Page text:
Generating Algebras of Sets
We might not always want to lay out an entire algebra of sets in one go. Sometimes we can get away with a smaller collection that tells us everything we need to know.
Suppose that is a subset of — a collection of subsets of — and define to be the collection of finite disjoint unions of subsets in . If we impose the following three conditions on :
- The empty set and the whole space are both in .
- If and are in , then so is their intersection .
- If and are in , then their difference is in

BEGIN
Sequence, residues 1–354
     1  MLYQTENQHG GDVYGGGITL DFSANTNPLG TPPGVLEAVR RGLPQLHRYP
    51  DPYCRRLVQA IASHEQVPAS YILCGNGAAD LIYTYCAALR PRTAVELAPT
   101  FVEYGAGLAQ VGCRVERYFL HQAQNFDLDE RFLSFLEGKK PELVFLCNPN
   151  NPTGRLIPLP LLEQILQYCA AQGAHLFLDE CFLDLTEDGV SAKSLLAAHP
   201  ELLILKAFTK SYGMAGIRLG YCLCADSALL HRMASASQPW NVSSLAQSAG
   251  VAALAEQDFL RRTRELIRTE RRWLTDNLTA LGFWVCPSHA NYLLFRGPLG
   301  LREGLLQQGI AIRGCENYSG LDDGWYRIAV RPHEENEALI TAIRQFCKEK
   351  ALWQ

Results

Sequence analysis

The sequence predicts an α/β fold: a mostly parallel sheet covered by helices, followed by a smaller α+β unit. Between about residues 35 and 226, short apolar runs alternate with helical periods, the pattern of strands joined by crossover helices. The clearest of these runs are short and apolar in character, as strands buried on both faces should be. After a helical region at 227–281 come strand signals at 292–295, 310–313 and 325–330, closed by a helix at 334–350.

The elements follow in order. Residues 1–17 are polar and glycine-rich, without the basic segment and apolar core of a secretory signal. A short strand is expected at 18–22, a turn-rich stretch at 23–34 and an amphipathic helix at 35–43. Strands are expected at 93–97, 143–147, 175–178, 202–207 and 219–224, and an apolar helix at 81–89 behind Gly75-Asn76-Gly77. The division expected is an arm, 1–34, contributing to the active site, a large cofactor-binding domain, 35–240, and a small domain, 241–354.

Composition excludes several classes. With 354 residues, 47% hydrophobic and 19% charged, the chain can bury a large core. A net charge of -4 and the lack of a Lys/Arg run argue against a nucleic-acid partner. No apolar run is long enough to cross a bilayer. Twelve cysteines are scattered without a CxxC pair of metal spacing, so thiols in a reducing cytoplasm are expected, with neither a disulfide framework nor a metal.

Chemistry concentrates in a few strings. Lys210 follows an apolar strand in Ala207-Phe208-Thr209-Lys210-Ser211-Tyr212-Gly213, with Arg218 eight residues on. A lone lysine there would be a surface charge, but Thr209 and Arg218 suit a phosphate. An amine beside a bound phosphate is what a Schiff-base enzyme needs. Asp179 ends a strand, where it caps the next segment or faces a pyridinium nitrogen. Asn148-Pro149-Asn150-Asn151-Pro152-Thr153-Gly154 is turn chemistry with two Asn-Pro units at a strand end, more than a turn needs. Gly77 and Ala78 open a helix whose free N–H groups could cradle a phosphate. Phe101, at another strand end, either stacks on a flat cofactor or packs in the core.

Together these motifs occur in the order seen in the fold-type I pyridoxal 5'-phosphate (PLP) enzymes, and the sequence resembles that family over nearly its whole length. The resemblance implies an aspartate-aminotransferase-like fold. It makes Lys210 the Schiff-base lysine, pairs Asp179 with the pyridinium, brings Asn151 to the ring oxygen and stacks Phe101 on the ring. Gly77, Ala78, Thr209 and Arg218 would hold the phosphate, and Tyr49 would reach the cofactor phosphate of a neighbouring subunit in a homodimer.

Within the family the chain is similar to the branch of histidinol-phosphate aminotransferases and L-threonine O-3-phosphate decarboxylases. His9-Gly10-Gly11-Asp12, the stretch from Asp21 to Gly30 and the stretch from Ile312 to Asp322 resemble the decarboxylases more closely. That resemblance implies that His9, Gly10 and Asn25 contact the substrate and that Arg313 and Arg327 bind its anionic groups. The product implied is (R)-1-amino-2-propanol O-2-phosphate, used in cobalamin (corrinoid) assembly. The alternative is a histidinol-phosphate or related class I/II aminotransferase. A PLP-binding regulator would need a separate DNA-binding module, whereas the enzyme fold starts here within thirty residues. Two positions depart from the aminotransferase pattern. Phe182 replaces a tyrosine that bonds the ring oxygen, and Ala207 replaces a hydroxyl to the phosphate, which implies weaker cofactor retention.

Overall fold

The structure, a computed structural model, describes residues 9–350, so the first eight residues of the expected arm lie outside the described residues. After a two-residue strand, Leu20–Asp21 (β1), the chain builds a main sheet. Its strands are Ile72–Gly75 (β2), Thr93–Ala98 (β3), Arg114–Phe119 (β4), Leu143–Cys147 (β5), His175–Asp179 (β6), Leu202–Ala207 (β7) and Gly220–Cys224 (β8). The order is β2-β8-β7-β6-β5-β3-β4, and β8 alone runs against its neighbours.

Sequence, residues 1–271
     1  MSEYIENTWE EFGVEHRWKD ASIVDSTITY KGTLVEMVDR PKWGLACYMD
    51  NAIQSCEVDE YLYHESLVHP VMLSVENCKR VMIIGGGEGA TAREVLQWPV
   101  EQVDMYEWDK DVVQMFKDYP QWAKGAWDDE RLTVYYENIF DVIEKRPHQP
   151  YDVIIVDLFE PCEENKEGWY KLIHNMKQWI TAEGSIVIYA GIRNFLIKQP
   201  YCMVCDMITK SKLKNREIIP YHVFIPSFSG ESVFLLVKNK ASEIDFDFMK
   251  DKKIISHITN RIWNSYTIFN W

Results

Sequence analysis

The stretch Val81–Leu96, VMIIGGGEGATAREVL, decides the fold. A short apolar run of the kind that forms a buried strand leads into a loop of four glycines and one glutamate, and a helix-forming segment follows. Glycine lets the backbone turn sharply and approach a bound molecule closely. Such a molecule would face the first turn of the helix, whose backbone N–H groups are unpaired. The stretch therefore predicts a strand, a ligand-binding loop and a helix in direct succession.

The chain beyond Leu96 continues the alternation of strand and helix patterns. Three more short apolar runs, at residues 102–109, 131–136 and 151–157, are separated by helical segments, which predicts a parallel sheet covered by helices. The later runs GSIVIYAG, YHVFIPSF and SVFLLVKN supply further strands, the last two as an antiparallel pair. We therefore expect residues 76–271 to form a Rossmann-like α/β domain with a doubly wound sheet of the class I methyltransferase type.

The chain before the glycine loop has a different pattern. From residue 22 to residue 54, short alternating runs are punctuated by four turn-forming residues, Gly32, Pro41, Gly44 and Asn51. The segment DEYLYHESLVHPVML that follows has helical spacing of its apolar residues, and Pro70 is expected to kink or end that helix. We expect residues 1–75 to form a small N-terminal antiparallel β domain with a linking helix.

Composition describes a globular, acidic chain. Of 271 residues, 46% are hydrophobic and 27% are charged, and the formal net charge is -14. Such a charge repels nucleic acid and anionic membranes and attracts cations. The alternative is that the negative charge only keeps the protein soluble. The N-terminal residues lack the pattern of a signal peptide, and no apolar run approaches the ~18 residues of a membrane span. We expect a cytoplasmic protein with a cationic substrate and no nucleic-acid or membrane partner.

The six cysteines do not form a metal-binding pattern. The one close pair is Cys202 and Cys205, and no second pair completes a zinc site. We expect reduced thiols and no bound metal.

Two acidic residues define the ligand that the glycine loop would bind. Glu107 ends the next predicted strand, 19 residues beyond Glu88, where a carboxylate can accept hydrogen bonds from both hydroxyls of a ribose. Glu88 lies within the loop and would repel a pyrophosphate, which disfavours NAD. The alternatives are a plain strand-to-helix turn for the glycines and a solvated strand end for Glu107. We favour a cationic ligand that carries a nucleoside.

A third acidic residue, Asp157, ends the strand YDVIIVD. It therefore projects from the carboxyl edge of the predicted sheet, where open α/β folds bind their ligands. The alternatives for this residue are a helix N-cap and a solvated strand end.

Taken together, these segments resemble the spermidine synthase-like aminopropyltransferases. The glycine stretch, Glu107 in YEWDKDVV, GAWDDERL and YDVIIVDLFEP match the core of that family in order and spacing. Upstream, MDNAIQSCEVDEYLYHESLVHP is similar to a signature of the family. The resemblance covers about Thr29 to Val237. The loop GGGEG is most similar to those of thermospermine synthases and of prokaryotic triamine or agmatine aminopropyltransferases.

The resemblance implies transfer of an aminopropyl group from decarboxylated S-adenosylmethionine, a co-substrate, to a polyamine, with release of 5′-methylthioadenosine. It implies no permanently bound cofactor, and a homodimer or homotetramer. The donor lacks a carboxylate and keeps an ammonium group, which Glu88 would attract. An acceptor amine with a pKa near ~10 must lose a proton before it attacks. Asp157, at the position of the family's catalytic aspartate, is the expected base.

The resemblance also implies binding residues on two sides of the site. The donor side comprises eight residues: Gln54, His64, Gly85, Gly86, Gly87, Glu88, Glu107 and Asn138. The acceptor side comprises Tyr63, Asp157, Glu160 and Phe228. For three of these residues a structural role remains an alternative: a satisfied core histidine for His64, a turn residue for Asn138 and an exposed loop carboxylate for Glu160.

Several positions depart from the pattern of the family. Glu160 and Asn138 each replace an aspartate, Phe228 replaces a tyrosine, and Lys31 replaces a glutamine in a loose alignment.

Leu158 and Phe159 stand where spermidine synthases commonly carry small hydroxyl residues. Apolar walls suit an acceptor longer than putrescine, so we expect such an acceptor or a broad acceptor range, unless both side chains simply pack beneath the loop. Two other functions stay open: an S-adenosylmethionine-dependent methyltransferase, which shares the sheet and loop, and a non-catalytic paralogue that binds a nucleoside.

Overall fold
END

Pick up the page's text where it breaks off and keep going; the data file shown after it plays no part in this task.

then is an algebra of sets.
If , then , and so contains and . We can also find , since .
Let’s take and to be two sets in , written as finite disjoint unions of sets in . Then their intersection is
Each of the is in , as an intersection of two sets in , and no two of them can intersect. Thus finite intersections of sets in are again in .
If , then . Since each of the are in , their (finite) intersection must be as well, and is closed under complements.
And so we can find that if and are in , then and are both in , and is thus an algebra of sets.